top of page

Down South


Chapter 14 of Love and War includes: Room Service, We're Seeing Things"Accidental Racist"--Days of Future Passed.

Room Service


Imagine yourself in the lobby of the Peabody Hotel in Memphis in 1974. The place drips with history and, rumor has it, there’s more being made upstairs at an unprecedented meeting between southern musical titans Elvis Presley, James Brown, and Lynyrd Skynyrd leader Ronnie Van Zant.


Elvis and James tell Ronnie the true story of how they used to secretly get together in hotel rooms in Los Angeles and Las Vegas to sing traditional gospel songs. Ronnie’s response is to launch into “Old Blind Barnabas,” a favorite tune of James and Elvis...

We're Seeing Things

In 1965, Canadian filmmaker Paul Saltzman was a civil rights worker with SNCC in Mississippi. Two years later, he found himself at an ashram in India with John, Paul, George, and Ringo, which eventually resulted in the 2006 photo book Beatles in India. In 2008, Saltzman returned to Mississippi to direct Prom Night in Mississippi, a documentary film that tells the story of how the separate black and white proms in Charleston, Mississippi became one integrated event.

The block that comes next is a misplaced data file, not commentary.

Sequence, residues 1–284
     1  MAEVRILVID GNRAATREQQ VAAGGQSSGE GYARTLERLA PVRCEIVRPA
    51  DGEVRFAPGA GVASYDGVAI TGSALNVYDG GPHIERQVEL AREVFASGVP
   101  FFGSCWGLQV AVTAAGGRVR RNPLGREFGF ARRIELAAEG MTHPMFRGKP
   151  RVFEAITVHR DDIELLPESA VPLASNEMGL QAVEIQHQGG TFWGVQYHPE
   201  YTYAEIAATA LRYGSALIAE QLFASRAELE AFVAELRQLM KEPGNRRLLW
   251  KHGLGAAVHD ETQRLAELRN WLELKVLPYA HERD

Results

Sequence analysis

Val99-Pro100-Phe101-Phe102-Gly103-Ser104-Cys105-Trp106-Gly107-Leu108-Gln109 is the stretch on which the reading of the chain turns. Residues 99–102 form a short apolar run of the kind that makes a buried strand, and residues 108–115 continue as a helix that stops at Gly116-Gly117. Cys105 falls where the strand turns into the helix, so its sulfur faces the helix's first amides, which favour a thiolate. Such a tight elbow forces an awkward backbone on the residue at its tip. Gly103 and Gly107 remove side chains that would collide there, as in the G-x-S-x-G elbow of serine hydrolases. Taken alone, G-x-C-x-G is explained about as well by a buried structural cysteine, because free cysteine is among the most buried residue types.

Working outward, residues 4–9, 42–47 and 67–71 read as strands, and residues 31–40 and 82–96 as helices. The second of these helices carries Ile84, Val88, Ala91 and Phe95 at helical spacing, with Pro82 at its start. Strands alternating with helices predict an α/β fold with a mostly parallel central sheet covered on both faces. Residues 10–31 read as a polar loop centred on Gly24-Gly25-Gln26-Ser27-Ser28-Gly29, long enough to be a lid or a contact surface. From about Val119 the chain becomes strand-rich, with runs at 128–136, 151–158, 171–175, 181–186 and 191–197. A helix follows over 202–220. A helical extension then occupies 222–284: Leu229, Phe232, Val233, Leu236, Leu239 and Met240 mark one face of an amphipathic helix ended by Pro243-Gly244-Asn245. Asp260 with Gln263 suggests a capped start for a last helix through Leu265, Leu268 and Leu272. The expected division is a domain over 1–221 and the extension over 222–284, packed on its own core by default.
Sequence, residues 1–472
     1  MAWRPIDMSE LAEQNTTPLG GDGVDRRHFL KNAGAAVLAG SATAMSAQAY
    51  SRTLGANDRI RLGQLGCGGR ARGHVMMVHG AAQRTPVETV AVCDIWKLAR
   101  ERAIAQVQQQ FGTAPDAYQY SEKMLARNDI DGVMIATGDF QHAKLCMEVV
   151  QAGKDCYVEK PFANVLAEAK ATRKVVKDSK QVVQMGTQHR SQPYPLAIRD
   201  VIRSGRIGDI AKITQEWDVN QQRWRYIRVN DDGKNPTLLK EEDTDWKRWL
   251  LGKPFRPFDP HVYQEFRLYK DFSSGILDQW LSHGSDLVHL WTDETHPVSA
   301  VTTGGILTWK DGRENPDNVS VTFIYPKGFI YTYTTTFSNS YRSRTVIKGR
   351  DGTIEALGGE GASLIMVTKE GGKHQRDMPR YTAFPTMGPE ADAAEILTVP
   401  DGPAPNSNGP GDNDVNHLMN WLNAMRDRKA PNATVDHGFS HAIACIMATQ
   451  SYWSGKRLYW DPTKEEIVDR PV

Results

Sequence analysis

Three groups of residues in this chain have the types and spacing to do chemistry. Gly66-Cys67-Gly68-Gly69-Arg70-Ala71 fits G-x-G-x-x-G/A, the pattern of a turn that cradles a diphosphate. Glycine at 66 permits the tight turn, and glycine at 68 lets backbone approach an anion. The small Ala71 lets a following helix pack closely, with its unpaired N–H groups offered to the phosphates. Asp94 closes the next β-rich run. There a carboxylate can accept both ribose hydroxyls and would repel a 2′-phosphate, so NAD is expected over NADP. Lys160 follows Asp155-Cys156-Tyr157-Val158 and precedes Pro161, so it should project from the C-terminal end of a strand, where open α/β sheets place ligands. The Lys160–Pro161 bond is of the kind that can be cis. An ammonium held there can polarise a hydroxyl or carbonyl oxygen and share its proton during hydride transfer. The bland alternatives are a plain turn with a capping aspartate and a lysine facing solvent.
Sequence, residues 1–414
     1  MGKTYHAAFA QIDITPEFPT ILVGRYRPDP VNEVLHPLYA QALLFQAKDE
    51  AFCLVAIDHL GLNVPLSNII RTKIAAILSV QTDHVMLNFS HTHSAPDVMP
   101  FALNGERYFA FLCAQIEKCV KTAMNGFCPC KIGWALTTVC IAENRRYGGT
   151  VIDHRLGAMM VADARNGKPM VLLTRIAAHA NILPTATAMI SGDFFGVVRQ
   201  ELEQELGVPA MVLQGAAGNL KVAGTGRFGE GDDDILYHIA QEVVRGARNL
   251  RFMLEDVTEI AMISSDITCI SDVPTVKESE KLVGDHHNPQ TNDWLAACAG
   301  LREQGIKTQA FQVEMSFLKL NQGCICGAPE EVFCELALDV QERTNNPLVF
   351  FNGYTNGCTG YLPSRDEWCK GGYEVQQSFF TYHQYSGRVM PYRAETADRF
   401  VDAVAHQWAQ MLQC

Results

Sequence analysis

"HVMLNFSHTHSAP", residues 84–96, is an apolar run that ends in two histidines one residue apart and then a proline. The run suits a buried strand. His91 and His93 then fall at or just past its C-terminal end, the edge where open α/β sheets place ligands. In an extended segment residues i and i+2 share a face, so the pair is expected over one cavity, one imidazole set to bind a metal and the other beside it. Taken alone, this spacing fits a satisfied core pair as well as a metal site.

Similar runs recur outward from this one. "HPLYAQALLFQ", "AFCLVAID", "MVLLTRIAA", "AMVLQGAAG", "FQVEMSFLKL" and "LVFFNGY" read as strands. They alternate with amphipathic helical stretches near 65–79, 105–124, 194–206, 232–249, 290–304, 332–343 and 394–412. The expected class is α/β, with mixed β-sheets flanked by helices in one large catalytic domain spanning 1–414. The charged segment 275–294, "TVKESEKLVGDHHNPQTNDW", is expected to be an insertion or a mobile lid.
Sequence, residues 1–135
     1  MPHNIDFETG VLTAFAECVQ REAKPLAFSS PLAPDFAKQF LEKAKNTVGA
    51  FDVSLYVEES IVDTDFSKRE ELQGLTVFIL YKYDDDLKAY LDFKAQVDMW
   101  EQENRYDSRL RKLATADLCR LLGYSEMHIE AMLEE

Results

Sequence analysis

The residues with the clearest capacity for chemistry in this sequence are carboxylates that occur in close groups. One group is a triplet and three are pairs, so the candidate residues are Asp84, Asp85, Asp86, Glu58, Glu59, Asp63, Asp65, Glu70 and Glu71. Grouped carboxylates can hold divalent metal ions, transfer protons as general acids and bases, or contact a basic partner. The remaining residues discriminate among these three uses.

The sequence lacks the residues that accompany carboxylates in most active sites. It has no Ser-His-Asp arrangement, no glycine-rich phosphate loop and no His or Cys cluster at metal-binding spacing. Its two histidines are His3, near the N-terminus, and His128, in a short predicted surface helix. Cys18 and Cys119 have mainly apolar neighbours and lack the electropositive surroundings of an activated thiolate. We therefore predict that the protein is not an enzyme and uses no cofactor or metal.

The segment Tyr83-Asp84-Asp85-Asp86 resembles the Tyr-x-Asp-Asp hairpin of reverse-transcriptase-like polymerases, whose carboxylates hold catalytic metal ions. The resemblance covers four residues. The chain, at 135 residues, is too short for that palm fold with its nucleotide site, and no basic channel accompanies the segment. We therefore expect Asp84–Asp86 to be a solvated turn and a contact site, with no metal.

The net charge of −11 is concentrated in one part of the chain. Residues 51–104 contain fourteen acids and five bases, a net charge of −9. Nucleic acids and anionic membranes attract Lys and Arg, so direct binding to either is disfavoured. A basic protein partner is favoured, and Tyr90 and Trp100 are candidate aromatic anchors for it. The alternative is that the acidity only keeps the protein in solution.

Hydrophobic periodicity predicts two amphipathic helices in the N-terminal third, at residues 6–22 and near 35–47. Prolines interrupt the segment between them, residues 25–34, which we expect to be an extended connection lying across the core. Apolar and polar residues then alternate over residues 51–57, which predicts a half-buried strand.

Charleston is a town of 2,100 people on the edge of the Delta, a bit east of Clarksdale. It’s also the hometown of actor Morgan Freeman, who described the segregated proms as “the stupidest thing I’ve ever heard of… It hurts me deeply.” It was a group of parents, not the students, who kept things separate. Freeman forced the issue and then paid for the integrated prom...

"Accidental Racist"--Days of Future Passed

LL Cool J was seventeen years old when I met him in 1985 at a screening of the rap film Krush Groove. He was straight out of middle class Queens, home to many who were taking hip-hop from ground zero in the South Bronx to the rest of the world. LL was near the cutting edge with diamond hard anthems like “I Can’t Live Without My Radio” and “Rock the Bells” with its war cry of “LL Cool J is hard as hell!” Today he’s soft,  just another family-friendly TV star who occasionally puts out hip-hop albums that are, without exception, so bland as to be unlistenable.


Yet there he is on country star Brad Paisley’s new album, Wheelhouse, standing in for all black Americans on the song “Accidental Racist.” The track is turgid and clumsy, surprising coming from an artist as talented as Paisley...

bottom of page